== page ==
Tokyo: Gyokuzandō, 1872. First edition, fukurotoji, 7" x 5", , 17 leaves; the whole consisting of English phrases with Japanese translations on opposte page and pronunciation in katakana; some soiling but generally a good copy in original blue wrappers, sewn in the Oriental manner, lacking the printed paper label on the cover.
[Tokyo?]: Kōmondō, Meiji 4 . Fukurotoji, 8.5" x 6", 1, 25 leaves; original blue printed wrappers, printed label on upper cover; wrappers a bit worn, but a complete and clean copy. Contains alphabet tables, tables of syllables, a brief grammar, and vocabularies of numbers, months and days, weather, animals, assorted common nouns, and conversational phrases. Osaka Joshi Daigaiku Library, Selected Catalogue on Dutch and English Studies, C-20.
[Tokyo]: Koumondou, 1872. First edition, 2 volumes out of three, fukurotoji, 9.75" x 7", , 1-27; 27-55 leaves; original yellow wrappers with printed paper labels on the upper covers; stitching loosening on each of the volumes, but all else very good or better, in a new blue cloth folding box. Parallel text of vocabulary at the top of the pages and useful phrases underneath, employing the vocabulary. Osaka Joshi Daigaiku Library, Selected Catalogue on Dutch and English Studies, 1991, no. C27.
Tokyo, Osaka & Kyoto: Gasho-do, 1872. New edition, fukurotoji, 7" x 5", 1, 30 leaves; yellow wrappers, printed paper label (slightly chipped) on upper cover; wrappers soiled, else very good. Interlinear text in English and Japanese in katakana and kanji. Based of material from Noah Webster. Not found in OCLC.
[?Tokyo]: Shimaitokku, 1871. Fukurotoji, 7" x 4.75", , 35 leaves; 1 full-p. illustration, alphabets, syllabaries, tables of numbers and roman numerals, and a brief vocabulary; original yellow wrappers folded and sewn in the Oriental manner, printed paper label on upper cover; some soiling but very good. Japanese textbook for English studies. Osaka Joshi Daigaiku Library, Selected Catalogue on Dutch and English Studies, B-16. Not found in OCLC.
Tokio: Yamasiroya, 5th year of Meiji, . 2 volumes, fukurotoji, 7" x 5", , 24; 23 leaves; title pages in both English and Japanese, the Japanese title on pink paper and used as front pastedown; original blue wrappers, printed paper labels on each volume (that on volume I with partial loss); some worming to the first volume, mostly confined to the margins; front cover of volume I stained; moderate wear; good or better. An instruction book for English spelling laid out in 10 courses: the alphabet, syllables and words of two [-three, -four, -five] letters, diphthongs, vowels, etc. A Critical Bibliography of Materials for English Studies in Japan. Collected by Osaka Women's University, 1962, no. 108.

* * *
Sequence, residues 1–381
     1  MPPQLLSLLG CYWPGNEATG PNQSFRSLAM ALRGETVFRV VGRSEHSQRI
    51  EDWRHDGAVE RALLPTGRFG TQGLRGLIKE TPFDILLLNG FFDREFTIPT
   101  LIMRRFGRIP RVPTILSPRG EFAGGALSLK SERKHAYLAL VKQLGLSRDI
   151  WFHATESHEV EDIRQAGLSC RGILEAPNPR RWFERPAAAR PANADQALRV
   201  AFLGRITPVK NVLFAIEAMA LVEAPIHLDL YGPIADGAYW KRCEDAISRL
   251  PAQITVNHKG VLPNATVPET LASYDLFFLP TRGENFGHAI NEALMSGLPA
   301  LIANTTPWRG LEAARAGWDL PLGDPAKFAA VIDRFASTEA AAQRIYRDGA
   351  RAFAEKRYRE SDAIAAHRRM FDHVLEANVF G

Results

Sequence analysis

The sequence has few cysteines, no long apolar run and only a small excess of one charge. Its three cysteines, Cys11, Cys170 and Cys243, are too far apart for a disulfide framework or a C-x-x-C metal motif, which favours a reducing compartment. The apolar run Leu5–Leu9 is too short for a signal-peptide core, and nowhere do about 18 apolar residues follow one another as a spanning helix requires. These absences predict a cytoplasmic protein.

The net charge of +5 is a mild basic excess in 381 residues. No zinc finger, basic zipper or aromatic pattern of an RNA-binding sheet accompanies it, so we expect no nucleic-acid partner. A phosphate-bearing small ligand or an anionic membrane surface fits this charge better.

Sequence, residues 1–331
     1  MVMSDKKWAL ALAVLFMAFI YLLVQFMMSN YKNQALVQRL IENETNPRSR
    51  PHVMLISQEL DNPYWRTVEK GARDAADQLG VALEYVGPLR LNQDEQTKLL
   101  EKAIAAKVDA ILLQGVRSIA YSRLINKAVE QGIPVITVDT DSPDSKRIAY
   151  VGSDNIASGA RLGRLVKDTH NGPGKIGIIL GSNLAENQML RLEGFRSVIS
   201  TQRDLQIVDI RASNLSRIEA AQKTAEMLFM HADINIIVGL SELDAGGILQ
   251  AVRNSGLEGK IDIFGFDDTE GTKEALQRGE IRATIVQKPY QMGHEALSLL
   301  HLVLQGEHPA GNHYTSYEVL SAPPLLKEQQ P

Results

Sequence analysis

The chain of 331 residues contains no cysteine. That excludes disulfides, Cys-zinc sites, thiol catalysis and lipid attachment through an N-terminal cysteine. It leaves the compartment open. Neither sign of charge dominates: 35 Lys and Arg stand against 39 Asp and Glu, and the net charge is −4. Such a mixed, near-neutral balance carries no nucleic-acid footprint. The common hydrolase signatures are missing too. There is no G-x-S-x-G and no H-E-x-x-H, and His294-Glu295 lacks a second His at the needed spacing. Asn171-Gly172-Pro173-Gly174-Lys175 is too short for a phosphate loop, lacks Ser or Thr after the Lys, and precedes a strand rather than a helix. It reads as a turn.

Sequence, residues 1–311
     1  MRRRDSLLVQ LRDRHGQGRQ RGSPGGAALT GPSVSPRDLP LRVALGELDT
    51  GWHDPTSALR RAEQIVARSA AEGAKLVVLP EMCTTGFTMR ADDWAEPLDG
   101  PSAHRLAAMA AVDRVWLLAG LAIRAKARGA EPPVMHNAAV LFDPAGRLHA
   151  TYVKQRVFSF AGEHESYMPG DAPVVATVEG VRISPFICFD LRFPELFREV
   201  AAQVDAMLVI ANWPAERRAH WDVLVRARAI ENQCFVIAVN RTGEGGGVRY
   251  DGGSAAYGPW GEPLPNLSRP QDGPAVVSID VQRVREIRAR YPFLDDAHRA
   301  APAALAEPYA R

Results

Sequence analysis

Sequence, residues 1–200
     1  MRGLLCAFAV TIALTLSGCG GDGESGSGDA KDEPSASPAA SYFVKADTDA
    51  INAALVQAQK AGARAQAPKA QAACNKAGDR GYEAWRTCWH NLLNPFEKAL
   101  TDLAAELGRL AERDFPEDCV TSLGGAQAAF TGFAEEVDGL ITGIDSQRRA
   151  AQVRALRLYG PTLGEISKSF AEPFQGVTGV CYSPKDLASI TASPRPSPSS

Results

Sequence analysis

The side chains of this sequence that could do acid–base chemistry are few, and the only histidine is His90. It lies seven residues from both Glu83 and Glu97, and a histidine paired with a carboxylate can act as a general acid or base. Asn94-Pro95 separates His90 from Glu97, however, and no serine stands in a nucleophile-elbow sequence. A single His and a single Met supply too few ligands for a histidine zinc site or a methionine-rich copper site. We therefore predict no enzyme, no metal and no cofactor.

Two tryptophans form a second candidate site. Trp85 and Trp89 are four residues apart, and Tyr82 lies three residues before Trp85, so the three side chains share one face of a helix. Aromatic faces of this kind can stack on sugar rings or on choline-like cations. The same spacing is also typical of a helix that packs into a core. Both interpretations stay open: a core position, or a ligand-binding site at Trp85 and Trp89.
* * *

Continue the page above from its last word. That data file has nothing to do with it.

Kyoto: Shobousha-shi, 1872. New edition, fukurotoji, approx. 7 1/4" x 5", 34 leaves; xylographically printed throughout, original yellow wrappers with pink printed label on upper cover; minor staining, very good. Text largely in double column, and arranged in squares, in two columns, words or phrases in English and German with Japanese equivalent and phonetic pronunciation for each in katakana and kanji. Not found in OCLC. A Critical Bibliography of Materials for English Studies in Japan. Collected by Osaka Women's University, 1962, no. 149. Edited by Zensaku Nishimura, Yasunosuke Yoshida, and Junjiro Nakamura.
Oxford: University Press, 1969. First edition, 8vo, pp. xii, 650; folding map, 15 illustrations on rectos and versos of 12 plates, plus a few illustrations in the text; near fine copy in a slightly chipped jacket. Extracts from the writings of explorers, soldiers, administrators and planters, edited with an introduction, notes, and an extensive bibliography.
Petropoli: Imperialis Academiae Scientiarum, 1875. Thin folio, pp. iv, 46; decorative red borders throughout; text in Latin and Tibetan; contemporary cloth-backed marbled boards, manuscript paper label on spine; pages a bit toned, general wear at the extremities; a good, sound copy. A Tibetan version of the lost Indian original of the fable of Bidrai [gsos-pahi-lanbzhugs-so], known in the Semitic versions as the Story of Bilar, and published on the 50th anniversary of the doctorate of Victor Bouniakowsky. OCLC finds only Brown and the Newberry in the U.S.